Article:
Housing Works is a healing community of people living with and affected by HIV/AIDS. Our mission is to end the dual crises of homelessness and AIDS through relentless advocacy, the provision of lifesaving services, and entrepreneurial businesses that sustain our efforts.
A bookshop with a mission; now that’s something I can get behind.
The afternoon I spent hanging out at the Housing Works Bookstore was probably my favorite of my time in New York. Getting to know the place, after I finished a few chapters of my book and my iced latte, I was able to get a little tour of the space. I had no idea what a big project Housing Works really was!
Exploring several floors below, where donated books are stored and sorted, along with meeting a handful of the hundreds of volunteers who dedicate their time to Housing Works, my faith in people was restored, if it ever was in question. Nothing put a smile on my face like seeing thousands and thousands of books donated by people to this bookstore, not to mention the fact that in this day in age that so many people care about the mission and books, that they willing dedicate several hours a week to helping out. In fact, so many people want to be a part of Housing Works, that you really have to commit in order to become a volunteer.
Housing Works is a huge operation run by people who truly care about making a difference in the community, not to mention people who love books. It was a great experience, and I know if called New York home, I would be in here all the time.
Would you like to visit Housing Works? Have you ever gone to a similar bookstore?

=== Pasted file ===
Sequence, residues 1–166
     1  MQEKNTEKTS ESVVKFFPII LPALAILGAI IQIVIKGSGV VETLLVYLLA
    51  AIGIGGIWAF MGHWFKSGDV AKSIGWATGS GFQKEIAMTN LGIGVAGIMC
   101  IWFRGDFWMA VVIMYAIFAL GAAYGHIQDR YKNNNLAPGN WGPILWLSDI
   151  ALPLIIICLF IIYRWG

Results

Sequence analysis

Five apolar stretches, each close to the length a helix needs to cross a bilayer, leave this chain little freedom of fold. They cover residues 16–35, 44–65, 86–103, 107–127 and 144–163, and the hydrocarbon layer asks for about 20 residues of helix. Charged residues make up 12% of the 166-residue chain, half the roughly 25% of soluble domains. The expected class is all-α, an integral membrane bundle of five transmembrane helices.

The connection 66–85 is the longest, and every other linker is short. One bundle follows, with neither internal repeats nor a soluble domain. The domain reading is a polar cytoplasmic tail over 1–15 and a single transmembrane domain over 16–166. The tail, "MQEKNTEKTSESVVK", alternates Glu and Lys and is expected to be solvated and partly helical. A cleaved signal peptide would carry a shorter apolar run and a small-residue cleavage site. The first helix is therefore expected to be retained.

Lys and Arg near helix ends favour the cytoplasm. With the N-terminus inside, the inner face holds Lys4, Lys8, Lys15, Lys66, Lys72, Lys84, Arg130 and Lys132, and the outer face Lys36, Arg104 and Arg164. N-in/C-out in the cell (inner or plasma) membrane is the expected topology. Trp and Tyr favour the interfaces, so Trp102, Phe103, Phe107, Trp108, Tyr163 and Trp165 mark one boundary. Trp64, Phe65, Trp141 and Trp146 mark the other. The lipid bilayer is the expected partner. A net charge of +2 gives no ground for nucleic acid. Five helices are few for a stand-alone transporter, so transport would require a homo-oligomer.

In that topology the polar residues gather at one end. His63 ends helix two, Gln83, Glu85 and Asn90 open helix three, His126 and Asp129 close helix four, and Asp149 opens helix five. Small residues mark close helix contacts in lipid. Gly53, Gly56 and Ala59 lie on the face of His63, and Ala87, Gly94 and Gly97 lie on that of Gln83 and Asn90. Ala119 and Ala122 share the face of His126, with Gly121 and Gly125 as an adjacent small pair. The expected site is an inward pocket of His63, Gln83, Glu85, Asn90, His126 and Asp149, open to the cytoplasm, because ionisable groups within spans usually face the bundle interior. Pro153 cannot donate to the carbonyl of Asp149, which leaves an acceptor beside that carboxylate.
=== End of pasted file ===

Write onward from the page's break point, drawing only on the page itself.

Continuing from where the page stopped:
The specifics:A. New York Public Library – 455 5th Ave and E. 41st Street B. The Library Hotel – 299 Madison Ave and E. 41st Street C. The Morgan Library and Museum – 29 E 36th Street and Madison Ave D. The Strand – 828 Broadway and E. 12th Street E. Housing Works Bookstore and Cafe – 126 Crosby St and E. Houston Street
The Library Hotel
The Library Hotel
The Morgan Library
The Library Hotel
The Rose Reading Room at the NYPL, Photo by DAVID ILIFF. License: CC-BY-SA 3.0
All the rooms at the Library Hotel, organized by the Dewey Decimal System
Many thanks to the Library Hotel for hosting my stay in New York. Like always, all opinions are my own, like you’d expect anything less from me!
53 Comments on “A Book Lover’s Guide to Literary New York”
As an avid bookworm I was all but drooling at those pictures of rooms filled with books – and to be able to drink coffee at the same time? Double bonus!
Really love the idea of Housing Works – I wonder if it could work in a small, country town?
maybe if you have enough dedicated book lovers to help you out 🙂
The Brandy Library in Tribeca is the closest to a literary spot that many people will get 😀
The Housing Works Bookstore and Cafe looks my kind of thing, I’d definitely spend some time there between a coffee & a book or two. I think having something to drink or eat while in a ‘library’ encourages staying longer browsing between books.
Thanks for sharing!
You’re welcome! Be sure to check it out one day!
We visit the Strand every time we go to NYC and now I can’t wait to check out these other literary gems as well!